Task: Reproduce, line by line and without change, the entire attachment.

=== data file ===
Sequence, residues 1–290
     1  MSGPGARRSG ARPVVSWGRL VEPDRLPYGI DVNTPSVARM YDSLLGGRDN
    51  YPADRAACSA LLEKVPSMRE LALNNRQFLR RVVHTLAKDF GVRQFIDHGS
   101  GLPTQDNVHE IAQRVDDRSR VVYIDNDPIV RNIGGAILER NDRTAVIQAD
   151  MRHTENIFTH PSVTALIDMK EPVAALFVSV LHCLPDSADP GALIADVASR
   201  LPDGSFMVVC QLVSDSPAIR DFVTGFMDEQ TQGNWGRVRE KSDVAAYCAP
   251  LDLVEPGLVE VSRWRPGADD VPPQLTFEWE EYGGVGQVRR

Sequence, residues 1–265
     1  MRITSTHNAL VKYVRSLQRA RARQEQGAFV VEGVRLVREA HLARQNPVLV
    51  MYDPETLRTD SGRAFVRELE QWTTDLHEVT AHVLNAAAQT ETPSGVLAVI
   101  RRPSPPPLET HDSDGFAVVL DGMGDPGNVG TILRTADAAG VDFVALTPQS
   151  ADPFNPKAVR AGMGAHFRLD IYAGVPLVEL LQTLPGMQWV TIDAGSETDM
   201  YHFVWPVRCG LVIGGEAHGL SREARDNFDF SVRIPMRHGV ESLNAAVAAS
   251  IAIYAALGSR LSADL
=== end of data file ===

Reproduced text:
Sequence, residues 1–290
     1  MSGPGARRSG ARPVVSWGRL VEPDRLPYGI DVNTPSVARM YDSLLGGRDN
    51  YPADRAACSA LLEKVPSMRE LALNNRQFLR RVVHTLAKDF GVRQFIDHGS
   101  GLPTQDNVHE IAQRVDDRSR VVYIDNDPIV RNIGGAILER NDRTAVIQAD
   151  MRHTENIFTH PSVTALIDMK EPVAALFVSV LHCLPDSADP GALIADVASR
   201  LPDGSFMVVC QLVSDSPAIR DFVTGFMDEQ TQGNWGRVRE KSDVAAYCAP
   251  LDLVEPGLVE VSRWRPGADD VPPQLTFEWE EYGGVGQVRR

Sequence, residues 1–265
     1  MRITSTHNAL VKYVRSLQRA RARQEQGAFV VEGVRLVREA HLARQNPVLV
    51  MYDPETLRTD SGRAFVRELE QWTTDLHEVT AHVLNAAAQT ETPSGVLAVI
   101  RRPSPPPLET HDSDGFAVVL DGMGDPGNVG TILRTADAAG VDFVALTPQS
   151  ADPFNPKAVR AGMGAHFRLD IYAGVPLVEL LQTLPGMQWV TIDAGSETDM
   201  YHFVWPVRCG LVIGGEAHGL SREARDNFDF SVRIPMRHGV ESLNAAVAAS
   251  IAIYAALGSR LSADL